This comes from the difficulties that the Air Force experienced coordinating air power with Army units in Operation Anaconda. The initial removal of the Taliban regime is held up as a glowing example of air power enabling small units and coalition partners to defeat larger conventional forces. But operation Operation Anaconda was a disaster of inter-service coordination. Combined Joint Task Force Mountain did not believe that it needed as much air support as it ended up requiring and did not closely coordinate its planning with the Combined Air Operations Center or Air Liaisons in the area. The Air Force and Army were both caught flat footed when Al Qaeda resistance was heavier than expected and the Air Force had to scramble to provide support, sometimes with disastrous consequences.[iii]
As the wars in Iraq and Afghanistan continued, there came a growing focus on integrating Air Force members into Army units in order to improve coordination at both the staff and tactical levels. The demand for intelligence, surveillance, and reconnaissance (ISR) assets saw the Air Force begin to increase its capital and manpower investments in both manned and unmanned ISR platforms and work to bring these to soldiers at the tactical level.[iv] This experience was formative for many Air Force leaders. Internally, there have been massive changes in the Air Force over the last 10 years. A lot of the major commands may be the same or small variations on consistent themes. But the missions, aircraft, people, and mindset are very different inside those commands than they were 15 years ago.
The Air Force vision is highly focused on providing air power to the joint user. It begins with a joint ethos, building trusted relationships with the combatant commander, and advocating for air power’s compelling capabilities. Subordination to the joint fight has overcome the early airpower advocate’s hubris.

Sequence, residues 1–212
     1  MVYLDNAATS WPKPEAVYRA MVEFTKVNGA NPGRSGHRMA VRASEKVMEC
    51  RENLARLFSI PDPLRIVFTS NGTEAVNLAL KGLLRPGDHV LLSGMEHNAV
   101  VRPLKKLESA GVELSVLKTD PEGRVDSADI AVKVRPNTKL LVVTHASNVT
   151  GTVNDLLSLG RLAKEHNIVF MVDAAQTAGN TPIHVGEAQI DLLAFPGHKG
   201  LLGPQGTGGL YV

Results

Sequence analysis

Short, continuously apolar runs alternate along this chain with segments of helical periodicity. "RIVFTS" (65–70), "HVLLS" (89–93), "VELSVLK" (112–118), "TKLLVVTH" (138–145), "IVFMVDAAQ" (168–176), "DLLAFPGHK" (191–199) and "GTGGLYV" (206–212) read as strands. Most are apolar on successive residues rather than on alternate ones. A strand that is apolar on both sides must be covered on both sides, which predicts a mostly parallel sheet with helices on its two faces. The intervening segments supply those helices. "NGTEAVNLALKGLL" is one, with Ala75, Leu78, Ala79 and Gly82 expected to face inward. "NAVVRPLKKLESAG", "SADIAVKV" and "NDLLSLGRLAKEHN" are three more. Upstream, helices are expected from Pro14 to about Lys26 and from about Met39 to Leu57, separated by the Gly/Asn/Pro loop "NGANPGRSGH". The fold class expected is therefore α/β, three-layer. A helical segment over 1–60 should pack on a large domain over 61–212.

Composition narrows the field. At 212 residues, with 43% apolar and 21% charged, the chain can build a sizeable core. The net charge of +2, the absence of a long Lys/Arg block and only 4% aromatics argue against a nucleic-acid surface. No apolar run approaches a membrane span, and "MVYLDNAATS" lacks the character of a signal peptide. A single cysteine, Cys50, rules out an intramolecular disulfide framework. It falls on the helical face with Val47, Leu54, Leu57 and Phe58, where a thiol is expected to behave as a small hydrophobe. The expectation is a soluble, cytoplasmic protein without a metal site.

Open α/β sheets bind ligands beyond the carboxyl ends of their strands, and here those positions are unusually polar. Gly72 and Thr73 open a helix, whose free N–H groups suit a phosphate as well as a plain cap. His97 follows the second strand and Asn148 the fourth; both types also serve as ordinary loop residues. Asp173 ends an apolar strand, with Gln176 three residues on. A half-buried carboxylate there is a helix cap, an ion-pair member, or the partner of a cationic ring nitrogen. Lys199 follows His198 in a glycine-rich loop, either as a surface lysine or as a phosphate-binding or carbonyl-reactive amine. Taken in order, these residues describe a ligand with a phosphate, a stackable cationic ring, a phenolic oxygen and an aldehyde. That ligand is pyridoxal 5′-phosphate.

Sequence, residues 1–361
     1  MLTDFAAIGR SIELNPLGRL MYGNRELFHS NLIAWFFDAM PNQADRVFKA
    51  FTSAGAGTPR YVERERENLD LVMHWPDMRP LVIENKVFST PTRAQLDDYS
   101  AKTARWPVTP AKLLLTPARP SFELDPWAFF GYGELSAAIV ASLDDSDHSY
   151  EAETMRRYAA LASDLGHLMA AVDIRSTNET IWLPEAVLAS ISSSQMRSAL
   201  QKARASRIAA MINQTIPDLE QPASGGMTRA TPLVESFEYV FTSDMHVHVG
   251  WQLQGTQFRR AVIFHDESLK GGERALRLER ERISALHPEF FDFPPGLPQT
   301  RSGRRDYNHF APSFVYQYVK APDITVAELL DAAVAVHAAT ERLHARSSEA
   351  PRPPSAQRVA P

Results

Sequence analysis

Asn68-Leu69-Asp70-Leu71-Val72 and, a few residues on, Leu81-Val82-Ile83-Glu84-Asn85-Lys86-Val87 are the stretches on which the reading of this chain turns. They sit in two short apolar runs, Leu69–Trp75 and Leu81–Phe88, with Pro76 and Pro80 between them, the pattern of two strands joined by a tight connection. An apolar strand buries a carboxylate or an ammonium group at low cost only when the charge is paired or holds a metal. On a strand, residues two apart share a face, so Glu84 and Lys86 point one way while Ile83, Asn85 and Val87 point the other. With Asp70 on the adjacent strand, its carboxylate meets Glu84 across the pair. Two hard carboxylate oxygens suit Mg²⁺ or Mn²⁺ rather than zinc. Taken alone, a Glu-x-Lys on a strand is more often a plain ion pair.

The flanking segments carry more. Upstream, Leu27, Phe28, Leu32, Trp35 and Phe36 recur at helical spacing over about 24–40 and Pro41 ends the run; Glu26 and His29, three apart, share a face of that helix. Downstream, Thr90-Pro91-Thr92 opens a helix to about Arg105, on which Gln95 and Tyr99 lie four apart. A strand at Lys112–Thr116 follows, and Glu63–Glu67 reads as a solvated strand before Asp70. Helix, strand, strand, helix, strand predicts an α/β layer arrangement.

It is also a very inward-looking vision. The Air Force vision comes from lessons learned fighting enemies with a very limited ability to damage it. The Air Force is not worried about enemy threats to its ability to operate. It is worried about the challenge of working with joint partners. This is not a vision that is worried about technical, tactical challenges. It is concerned with organizational, operational challenges.
The Army has been the dominant joint partner in the last 15 years of war. The Army believes that this will continue into the future, as small wars and hybrid wars are won by boots on the ground closing and finishing the enemy. Either through destruction or engagement with counterinsurgency tactics. The Army will be “…interoperable with the other Military Services, United States Government agencies and allied and partner nations.” The difficulty for the Army is finding a way to fold itself into joint concepts like AirSea battle and the Joint Concept for Access and Maneuver in the Global Commons. We will have to wait for more information to come out this fall to see on paper how the Army will be rolled into the joint fight in more conventional operations.
These two visions are a result of the last 15 years of fighting experience that the Army and Air Force have built. They are both highly divergent, and also complimentary. The Army has taken the brunt of the changes that have occurred in the global civilization since the fall of the Soviet Union and is now learning to operate against connected and individually powerful enemies who operate in complex social and urban terrains. The Air Force has been finding its connection to its joint family, overcoming the hubris of early airpower advocates and finding a voice in the joint fight. The two services probably fight better together now than at any other time in the past. But can that hard won cooperation be sustained with such radically different visions of their futures?
Kurt Degerlund is an Active Duty Officer in the USAF who writes on leadership, airpower, and international relations. The opinions expressed in this article are the author’s alone and do not represent those of the US Air Force, the Department of Defense or the US Government. You can follow him on Twitter @kjdegs.